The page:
By harnessing recent results on the relationship between biodiversity and ecosystem functioning to an assessment of the valued services that people obtain from the natural environment, the Millennium Ecosystem Assessment (MA) has brought the analysis of ecosystems into the domain of economics. Ecosystem services are defined by the MA as the benefits that people obtain from ecosystems. Since the value of any asset is simply the discounted stream of benefits that are obtained from that asset, the benefit streams associated with ecosystem services may be used to estimate the value of the underlying ecological assets. Those assets are not the traditional stocks of resource economics - minerals, water, timber and so on - but the systems that yield flows of such things. This chapter discusses the value of ecosystems and ecosystem services. It identifies the main methods for valuing different types of ecosystem service, and the role of valuation in developing sustainability indicators. The sustainability of economic development requires that the value of the assets or capital stocks supporting development be maintained over time, and since capital includes produced, human and natural capital, it is important to understand how the value of ecosystems may be changing relative to the value of other capital stocks.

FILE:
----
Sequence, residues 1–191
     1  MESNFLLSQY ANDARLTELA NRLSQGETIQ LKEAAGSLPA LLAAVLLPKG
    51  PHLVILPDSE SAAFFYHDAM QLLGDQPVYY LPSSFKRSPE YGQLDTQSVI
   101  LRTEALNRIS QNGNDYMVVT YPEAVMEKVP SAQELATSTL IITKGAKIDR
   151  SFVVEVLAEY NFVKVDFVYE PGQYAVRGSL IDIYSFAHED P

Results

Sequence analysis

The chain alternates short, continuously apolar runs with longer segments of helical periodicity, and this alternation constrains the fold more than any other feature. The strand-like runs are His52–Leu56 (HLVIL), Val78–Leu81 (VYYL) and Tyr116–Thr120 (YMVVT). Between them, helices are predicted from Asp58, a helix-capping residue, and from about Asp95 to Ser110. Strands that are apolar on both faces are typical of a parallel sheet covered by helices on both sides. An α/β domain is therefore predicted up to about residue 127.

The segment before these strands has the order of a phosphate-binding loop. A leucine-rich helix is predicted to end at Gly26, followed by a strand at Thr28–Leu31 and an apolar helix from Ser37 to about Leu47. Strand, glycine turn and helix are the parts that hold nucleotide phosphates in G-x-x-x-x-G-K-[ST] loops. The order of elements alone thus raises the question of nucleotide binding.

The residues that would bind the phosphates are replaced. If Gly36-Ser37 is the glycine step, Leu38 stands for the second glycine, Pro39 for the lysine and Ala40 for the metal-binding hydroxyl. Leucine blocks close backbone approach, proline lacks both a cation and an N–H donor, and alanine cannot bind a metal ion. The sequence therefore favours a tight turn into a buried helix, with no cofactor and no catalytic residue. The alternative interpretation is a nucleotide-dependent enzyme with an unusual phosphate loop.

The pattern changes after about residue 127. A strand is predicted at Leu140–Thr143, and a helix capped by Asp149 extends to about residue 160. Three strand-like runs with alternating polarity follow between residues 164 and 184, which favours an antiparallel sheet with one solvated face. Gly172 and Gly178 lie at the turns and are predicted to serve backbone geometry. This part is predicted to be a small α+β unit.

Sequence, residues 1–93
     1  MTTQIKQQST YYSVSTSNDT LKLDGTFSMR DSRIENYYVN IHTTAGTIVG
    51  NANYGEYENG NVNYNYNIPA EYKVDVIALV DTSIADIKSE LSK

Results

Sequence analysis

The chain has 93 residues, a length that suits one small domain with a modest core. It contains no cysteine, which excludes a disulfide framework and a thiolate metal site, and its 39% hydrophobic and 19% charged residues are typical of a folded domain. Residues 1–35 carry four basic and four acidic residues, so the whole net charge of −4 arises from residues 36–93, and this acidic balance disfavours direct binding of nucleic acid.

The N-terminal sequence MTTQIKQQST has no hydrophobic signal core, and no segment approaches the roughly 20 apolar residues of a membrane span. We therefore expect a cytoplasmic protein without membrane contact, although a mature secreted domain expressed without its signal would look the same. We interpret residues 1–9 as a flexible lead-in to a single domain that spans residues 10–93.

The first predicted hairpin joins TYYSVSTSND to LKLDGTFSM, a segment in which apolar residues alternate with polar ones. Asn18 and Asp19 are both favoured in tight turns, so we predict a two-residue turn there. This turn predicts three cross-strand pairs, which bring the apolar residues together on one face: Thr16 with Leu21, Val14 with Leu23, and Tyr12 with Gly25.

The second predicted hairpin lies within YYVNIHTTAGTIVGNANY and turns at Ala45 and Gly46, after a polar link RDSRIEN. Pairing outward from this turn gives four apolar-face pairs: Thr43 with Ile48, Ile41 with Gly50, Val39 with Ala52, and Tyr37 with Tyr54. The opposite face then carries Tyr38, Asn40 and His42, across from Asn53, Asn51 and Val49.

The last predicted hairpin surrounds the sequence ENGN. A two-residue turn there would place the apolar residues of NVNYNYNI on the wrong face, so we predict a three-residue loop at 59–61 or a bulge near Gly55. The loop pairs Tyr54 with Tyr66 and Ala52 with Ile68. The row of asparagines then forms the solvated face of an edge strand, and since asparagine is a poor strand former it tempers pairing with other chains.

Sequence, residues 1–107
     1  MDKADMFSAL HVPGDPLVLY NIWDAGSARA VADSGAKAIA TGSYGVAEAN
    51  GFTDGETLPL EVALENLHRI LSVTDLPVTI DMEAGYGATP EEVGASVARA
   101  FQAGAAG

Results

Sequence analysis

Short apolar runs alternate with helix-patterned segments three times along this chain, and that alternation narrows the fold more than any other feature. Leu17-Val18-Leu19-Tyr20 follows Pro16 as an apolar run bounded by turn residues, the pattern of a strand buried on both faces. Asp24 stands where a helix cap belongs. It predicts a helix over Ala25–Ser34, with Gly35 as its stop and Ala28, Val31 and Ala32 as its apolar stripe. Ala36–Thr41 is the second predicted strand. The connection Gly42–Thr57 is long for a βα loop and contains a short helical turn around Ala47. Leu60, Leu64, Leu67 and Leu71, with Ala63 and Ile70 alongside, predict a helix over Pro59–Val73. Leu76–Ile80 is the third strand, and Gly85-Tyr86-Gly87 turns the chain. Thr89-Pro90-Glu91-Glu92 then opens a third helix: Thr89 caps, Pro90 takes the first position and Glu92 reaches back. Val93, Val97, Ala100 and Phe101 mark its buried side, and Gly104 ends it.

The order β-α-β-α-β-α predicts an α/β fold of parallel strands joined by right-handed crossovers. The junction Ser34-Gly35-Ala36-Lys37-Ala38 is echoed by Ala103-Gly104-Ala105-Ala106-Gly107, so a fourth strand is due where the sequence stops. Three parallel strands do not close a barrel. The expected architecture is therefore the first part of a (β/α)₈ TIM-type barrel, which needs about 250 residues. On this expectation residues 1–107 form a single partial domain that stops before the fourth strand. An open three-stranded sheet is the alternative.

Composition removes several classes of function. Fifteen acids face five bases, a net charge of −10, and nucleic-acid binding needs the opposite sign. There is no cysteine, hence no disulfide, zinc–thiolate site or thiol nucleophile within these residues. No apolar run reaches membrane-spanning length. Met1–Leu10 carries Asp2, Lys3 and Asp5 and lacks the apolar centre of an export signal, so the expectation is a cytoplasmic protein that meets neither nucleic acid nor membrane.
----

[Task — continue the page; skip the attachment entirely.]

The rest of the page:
|Original language||English (US)|
|Title of host publication||Biodiversity, Ecosystem Functioning, and Human Wellbeing: An Ecological and Economic Perspective|
|Subtitle of host publication||An Ecological and Economic Perspective|
|Editors||Shahid Naeem, Daniel E. Bunker, Andy Hector, Michel Loreau, Charles Perrings|
|Place of Publication||New York, NY|
|Publisher||Oxford University Press|
|State||Published - Jul 30 2009|
Bibliographical notePublisher Copyright:
© Oxford University Press 2009. All rights reserved.
- Ecosystem services
- Revealed preference
- Stated preference